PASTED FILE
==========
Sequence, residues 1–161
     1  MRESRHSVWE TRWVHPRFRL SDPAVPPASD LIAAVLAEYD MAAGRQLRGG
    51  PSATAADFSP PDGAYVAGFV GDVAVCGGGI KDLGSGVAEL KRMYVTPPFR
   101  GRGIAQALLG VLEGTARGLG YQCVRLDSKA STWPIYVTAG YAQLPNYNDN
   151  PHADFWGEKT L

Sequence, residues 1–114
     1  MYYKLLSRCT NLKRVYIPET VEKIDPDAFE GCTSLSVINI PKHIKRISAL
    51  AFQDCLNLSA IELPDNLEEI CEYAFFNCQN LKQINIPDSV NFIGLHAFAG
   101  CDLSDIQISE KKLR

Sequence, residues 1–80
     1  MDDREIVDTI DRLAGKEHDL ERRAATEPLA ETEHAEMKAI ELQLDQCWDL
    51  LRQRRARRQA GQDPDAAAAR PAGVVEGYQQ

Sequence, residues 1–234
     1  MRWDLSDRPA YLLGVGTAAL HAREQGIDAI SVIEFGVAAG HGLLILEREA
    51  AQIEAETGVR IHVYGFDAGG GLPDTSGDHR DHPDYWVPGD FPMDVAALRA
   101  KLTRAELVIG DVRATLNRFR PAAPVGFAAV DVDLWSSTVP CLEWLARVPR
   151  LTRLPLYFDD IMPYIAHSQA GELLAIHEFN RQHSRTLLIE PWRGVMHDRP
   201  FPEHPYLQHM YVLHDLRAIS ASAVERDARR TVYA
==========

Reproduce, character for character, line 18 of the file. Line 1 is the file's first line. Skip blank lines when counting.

   201  FPEHPYLQHM YVLHDLRAIS ASAVERDARR TVYA